Such churches will be able to provide a safe haven for those who sincerely wrestle with gender identity issues and for those who will feel increasingly coerced to identify as LGBT even when they are not interested in changing their gender idenity or pretending they have same-sex attractions. It is only in biblically faithful churches that Millenials and Gen Z adults will learn that truth that the identity they’ve been searching for—the most important thing about themselves and what they are at the deepest level—can only be found in being a disciple of Jesus, the one by whom all things were created and whose authority over us leads to our ultimate flourishing (Col. 1:16). 

By / Apr 2

Earlier this week, Florida Gov. Ron DeSantis (Rep.) signed a bill into law that bars instruction on sexual orientation and gender identity in kindergarten through the third grade. This bill, which has been dubbed the “Don’t Say Gay” bill by opponents, has brought about intense national controversy. This is due, in large part, to the prominent role that sexuality and gender identity play in today’s cultural conversations, as well as the influence of the LGBTQ+ movement in all aspects of our society. Even as the bill was being debated in the Florida legislature, organizations and companies across the country rallied in support or opposition of the bill.

Acting ERLC President Brent Leatherwood, speaking about the bill, said, “For years, we have asked elected officials to prioritize the protection of children and to respect families in their policy-making. In general, this new law creates a framework for just that. Mothers and fathers absolutely should be the ones surfacing complex matters with their children for the first time, not someone outside the home.” But it seems that many in our culture believe that the state should encourage and teach these controversial and divisive subjects as early as possible, essentially stripping parents of their God-given responsibilities to raise their children to become wise, virtuous people.

Cultural pressure to conform 

Because of the organization’s ties to Florida, Disney CEO Bob Chapek came under incredible scrutiny and criticism for not being vocal enough in support of the LGBTQ+ movement by publicly denouncing this bill. Other Disney executives and lead creatives expressed outrage over the bill, claiming it would further marginalize and harm children across the state, with some even asserting that their mission as a company is to spread gender ideology and teachings to children through their creative work. A few days after the signing of the bill, some in prominent roles at Disney even went as far as to say that they are intentionally seeking to add more characters and narratives that will model these alternative lifestyles and promote the sexual revolution with its committment to complete moral autonomy.

Disney is one of the most influential companies in the world, especially as their work often captures the imagination of younger generations. The company is Florida’s largest employer, and through their streaming service, Disney+, they have a massive catalog of family content providing entertainment for millions around the world. For this reason, Christians need to be mindful of what they are saying and evaluate the messages being communicated through the lens of a biblical worldview — just as we should be doing with the products and services from other prominent companies. From plans to create more transgender characters to stories highlighting same-sex families, some in leadership at Disney are clearly seeking to form the moral imagination of our children in ways that are contrary to the biblical sexuality and marriage.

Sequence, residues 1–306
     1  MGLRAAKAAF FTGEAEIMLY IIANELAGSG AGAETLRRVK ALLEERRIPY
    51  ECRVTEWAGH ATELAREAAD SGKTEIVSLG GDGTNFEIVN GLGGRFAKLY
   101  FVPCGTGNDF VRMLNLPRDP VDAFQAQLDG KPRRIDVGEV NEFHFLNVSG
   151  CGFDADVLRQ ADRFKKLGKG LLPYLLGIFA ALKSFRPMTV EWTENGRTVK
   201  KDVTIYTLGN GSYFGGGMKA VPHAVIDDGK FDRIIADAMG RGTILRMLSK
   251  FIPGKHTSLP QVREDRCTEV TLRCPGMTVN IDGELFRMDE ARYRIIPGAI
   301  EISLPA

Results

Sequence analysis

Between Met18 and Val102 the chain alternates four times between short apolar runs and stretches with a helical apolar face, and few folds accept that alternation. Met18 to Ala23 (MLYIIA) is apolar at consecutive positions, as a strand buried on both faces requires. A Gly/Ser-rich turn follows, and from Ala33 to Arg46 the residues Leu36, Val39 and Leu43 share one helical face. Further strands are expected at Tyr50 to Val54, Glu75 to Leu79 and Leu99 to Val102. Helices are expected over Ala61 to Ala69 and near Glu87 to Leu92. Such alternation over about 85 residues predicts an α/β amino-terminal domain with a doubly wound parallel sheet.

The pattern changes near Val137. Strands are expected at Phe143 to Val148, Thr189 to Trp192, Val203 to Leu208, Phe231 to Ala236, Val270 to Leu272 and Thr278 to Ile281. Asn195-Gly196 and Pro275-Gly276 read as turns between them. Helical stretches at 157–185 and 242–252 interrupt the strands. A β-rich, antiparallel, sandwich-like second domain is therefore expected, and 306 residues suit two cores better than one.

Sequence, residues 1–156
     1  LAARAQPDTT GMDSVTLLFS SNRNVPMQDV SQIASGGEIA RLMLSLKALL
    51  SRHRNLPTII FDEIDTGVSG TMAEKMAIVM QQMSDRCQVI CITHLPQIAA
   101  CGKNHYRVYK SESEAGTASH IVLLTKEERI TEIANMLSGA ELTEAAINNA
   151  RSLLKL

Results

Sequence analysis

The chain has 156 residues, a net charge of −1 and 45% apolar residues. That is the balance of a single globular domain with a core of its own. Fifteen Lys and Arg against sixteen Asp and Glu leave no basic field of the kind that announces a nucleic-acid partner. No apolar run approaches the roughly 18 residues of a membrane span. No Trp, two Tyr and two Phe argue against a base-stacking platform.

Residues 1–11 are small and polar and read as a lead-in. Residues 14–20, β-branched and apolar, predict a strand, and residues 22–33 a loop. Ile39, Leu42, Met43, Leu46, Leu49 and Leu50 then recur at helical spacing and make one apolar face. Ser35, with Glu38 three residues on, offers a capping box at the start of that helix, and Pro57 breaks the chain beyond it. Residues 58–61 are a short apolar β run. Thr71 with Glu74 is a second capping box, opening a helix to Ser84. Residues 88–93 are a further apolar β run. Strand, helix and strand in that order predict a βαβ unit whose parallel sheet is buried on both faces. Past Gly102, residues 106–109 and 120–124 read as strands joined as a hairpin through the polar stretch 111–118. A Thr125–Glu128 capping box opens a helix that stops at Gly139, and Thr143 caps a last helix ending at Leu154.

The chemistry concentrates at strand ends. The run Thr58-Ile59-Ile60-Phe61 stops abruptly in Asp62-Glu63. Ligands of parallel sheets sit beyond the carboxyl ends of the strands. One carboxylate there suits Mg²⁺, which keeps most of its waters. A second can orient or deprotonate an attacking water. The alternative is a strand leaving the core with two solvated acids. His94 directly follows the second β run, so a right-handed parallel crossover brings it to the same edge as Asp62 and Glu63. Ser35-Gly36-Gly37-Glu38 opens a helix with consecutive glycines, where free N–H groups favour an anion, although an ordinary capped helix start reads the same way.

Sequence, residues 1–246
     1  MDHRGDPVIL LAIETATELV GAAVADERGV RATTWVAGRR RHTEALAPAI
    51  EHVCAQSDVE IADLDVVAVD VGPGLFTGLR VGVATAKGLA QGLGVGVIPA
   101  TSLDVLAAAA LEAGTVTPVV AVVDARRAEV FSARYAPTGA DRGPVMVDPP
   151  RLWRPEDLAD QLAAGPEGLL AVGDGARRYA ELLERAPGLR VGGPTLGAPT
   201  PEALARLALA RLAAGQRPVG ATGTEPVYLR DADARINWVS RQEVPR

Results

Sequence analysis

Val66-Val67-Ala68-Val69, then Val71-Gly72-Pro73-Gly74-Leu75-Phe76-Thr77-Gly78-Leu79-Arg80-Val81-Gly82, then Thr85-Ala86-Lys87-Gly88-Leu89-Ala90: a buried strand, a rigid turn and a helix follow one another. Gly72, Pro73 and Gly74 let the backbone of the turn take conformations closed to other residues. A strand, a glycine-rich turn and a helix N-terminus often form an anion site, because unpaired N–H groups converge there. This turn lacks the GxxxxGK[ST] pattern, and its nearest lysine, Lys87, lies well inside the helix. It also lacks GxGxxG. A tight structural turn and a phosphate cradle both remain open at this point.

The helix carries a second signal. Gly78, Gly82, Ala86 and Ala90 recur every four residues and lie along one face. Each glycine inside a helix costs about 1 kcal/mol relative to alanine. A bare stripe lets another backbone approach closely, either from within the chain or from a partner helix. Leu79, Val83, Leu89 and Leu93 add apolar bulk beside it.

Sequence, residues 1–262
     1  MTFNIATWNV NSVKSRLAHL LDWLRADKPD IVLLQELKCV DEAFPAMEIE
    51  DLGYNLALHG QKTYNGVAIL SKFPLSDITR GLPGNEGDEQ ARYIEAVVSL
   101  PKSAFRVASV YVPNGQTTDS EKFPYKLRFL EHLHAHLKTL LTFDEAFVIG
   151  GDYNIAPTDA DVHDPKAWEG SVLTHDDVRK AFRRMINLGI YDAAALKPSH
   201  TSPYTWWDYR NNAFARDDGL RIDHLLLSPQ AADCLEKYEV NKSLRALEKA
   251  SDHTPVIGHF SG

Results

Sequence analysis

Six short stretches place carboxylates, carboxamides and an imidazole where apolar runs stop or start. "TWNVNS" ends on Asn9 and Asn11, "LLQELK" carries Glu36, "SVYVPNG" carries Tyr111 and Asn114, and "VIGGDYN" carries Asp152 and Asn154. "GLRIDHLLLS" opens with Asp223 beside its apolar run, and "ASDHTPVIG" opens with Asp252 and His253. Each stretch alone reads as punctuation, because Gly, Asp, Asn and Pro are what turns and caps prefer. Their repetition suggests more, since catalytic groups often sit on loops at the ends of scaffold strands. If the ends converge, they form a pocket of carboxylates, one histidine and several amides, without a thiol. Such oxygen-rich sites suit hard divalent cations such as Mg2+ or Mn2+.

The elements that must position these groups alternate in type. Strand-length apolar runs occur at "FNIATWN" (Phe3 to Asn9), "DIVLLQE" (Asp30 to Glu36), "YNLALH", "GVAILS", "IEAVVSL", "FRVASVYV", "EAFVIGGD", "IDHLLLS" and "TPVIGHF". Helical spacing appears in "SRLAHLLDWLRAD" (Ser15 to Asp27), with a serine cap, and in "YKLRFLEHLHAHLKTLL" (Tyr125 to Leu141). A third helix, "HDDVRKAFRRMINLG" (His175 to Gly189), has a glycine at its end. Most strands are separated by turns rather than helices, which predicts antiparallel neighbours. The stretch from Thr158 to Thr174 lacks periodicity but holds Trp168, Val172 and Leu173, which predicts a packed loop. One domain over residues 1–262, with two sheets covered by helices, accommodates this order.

The worldviews communicated by this company and others like them have the potential to leave a lasting impression on children and families for a lifetime. And that should come as no surprise since the things that we are exposed to on a daily basis, whether social media, movies, or news, deeply shape how we view ourselves, our neighbors, and the world around us. Entertainment, much like technology, subtly yet radically alters our minds, including the things we find morally acceptable or objectionable. The things we are exposed to matter. This can be clearly seen in the normalization of same-sex relationships through the 90s which ulimately culminated in the consequential Obergefell v Hodges Supreme Court decision, and in the ongoing campaigns from the private and government sectors to normalize a transgender lifestyle.

How parents can respond

For parents or children’s ministers, this can be an especially difficult and overwhelming reality to grasp. How are we to navigate these cultural issues and the onslaught of the sexual revolution with our children? How can we be salt and light in our world without withdrawing from the culture in which we’re called to be witnesses? 

First, we must see that the controversies surrounding this bill — those related to sexuality and gender — often center on a longstanding cultural tension between the rights of parents and the role of other powerful social institutions including the state, corporations, and cultural movements. Do parents have a right to know what their children are being exposed to, and do they have a say in what their children are taught, especially if those things are contrary to their religious or cultural beliefs? While businesses are free to express their beliefs in their work, parents also have the right and responsibility to raise their children in line with their deeply held beliefs — which may mean that some parents decide on other forms of entertainment and education or at least recognize the realities at play in the midst of the sexual revolution.